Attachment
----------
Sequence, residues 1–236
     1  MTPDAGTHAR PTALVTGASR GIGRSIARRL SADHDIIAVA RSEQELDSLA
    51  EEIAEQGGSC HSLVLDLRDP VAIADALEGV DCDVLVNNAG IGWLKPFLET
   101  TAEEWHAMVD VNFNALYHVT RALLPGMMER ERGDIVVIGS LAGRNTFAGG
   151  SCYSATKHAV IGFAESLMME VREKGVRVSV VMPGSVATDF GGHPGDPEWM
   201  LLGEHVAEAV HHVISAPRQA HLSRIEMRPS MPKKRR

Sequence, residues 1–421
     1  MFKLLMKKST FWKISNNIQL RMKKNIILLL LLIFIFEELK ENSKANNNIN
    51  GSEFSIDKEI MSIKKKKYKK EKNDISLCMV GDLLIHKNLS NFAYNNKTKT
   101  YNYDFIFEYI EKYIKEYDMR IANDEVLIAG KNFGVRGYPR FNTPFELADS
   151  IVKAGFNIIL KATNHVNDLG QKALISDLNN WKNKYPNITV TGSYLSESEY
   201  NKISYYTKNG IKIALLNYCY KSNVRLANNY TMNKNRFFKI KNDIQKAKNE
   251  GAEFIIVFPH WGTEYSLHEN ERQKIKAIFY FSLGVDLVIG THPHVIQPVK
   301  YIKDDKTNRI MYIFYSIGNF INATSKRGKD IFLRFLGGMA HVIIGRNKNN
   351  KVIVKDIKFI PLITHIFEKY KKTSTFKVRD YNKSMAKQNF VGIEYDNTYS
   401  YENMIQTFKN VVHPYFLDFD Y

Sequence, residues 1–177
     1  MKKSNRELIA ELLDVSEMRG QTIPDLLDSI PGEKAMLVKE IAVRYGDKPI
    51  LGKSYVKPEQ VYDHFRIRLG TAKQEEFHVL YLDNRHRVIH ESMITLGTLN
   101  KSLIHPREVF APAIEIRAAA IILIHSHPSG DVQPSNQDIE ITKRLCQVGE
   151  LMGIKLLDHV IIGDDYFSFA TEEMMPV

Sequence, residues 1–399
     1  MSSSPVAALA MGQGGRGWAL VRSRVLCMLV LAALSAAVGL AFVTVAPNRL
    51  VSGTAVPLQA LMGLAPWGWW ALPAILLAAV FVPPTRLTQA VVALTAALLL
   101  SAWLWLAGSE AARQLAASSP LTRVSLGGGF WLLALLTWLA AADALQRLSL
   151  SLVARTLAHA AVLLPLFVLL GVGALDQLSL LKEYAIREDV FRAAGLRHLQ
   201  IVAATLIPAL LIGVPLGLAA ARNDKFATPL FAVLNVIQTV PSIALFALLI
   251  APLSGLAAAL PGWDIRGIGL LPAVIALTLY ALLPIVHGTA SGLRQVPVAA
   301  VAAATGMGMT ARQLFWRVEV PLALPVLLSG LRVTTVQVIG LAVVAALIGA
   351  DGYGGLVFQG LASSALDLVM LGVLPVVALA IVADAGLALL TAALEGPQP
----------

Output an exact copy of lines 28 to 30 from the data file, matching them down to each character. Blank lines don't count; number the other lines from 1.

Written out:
   251  APLSGLAAAL PGWDIRGIGL LPAVIALTLY ALLPIVHGTA SGLRQVPVAA
   301  VAAATGMGMT ARQLFWRVEV PLALPVLLSG LRVTTVQVIG LAVVAALIGA
   351  DGYGGLVFQG LASSALDLVM LGVLPVVALA IVADAGLALL TAALEGPQP